Since Medicare and private insurance plans seldom fully cover the costs of medical care for retirees, individuals and couples planning for retirement should factor in the costs of medical care in determining the amount they need to save, a study on health expenses in retirement published by the Employee Benefit Research Institute (EBRI) recommended.
The study, “Savings Medicare Beneficiaries Need for Health Expenses: Some Couples Could Need as Much as $370,000, Up from $350,000 in 2016,” was published in the December 20, 2017, issue of EBRI Notes. The article examined the amount of savings Medicare beneficiaries are projected to need to cover program premiums, deductibles, and certain other health expenses in retirement. Specifically, the study looked at the projected costs associated with premiums for Medicare Parts B and D, premiums for Medigap Plan F, and out-of-pocket spending for outpatient prescription drugs.
The data used in the analysis came from a variety of sources, including the 2017 Medicare trustees report. The data were entered into a Monte Carlo simulation model that simulated 100,000 observations, allowing for the uncertainty related to individual mortality and rates of return on assets in retirement.
The results showed that in 2017, a 65-year-old man needs $73,000 in savings and a 65-year-old woman needs $95,000 in savings if the goal is to have a 50% chance of having enough savings to cover premiums and median prescription drug expenses in retirement. If, however, the goal is to have a 90% chance of having enough savings to cover these costs, the man needs to save $131,000 and the woman needs to save $147,000.
The findings further indicated that in 2017, a 65-year-old couple with median prescription drug expenses need $169,000 in savings to meet the goal of having a 50% chance of having enough savings to cover health care expenses in retirement. If, however, the couple aim to have a 90% chance of having enough savings to cover these expenses, they need savings of $273,000. In addition, the study found that a 65-year-old couple with drug expenses at the 90th percentile throughout retirement, and who want to have a 90% chance of having enough money for health care expenses, need to have $368,000 in savings.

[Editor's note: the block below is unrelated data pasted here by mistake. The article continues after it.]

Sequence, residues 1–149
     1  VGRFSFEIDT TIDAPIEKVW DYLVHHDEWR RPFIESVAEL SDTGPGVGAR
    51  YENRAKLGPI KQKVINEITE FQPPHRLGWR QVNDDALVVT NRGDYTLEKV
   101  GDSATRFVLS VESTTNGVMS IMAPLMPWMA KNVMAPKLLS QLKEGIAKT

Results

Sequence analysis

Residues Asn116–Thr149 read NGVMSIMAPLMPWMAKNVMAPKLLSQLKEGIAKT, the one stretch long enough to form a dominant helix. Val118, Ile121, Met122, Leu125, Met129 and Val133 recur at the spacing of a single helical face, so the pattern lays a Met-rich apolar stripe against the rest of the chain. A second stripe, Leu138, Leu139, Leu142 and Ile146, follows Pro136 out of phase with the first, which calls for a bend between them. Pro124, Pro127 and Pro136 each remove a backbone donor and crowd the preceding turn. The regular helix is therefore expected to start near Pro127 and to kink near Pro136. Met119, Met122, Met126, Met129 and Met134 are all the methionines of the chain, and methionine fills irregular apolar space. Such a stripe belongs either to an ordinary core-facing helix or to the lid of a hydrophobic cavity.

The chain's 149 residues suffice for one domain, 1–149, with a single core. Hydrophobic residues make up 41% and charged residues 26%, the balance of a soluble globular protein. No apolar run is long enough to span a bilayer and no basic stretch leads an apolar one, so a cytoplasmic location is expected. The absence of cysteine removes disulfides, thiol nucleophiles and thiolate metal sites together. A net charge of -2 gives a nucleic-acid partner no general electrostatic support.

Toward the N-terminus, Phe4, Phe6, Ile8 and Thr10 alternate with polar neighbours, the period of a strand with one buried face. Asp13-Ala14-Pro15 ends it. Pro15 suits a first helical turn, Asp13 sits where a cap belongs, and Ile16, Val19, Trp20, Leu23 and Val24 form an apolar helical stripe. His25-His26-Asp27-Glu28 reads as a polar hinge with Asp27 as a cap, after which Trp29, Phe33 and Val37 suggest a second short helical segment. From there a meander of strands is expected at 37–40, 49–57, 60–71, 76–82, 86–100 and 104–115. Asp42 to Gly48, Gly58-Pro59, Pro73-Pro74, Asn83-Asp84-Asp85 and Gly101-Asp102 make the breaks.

The study also looked at shifts in savings targets in recent years. The findings indicated that projected savings targets increased between 1% and 6% from 2016 to 2017, after decreasing from 2011 to 2014 and then increasing from 2014 to 2016. The authors pointed out that despite the increase in savings targets since 2014, the 2017 savings targets were lower than the savings targets in 2012 almost across the board.
In addition, the authors emphasized that many workers should be saving more for health expenses than the amounts cited in this report, as the analysis did not factor in the total savings needed to cover long-term care expenses and other health expenses not covered by Medicare, or the fact that many individuals retire before becoming eligible for Medicare. The researchers also observed, however, that workers may need to save less than the estimated amounts if they choose to work past age 65 and continue to receive health benefits as active workers, thereby postponing enrollment in Medicare Parts B and D.
From Benefit Trends Newsletter, Volume 61, Issue 1
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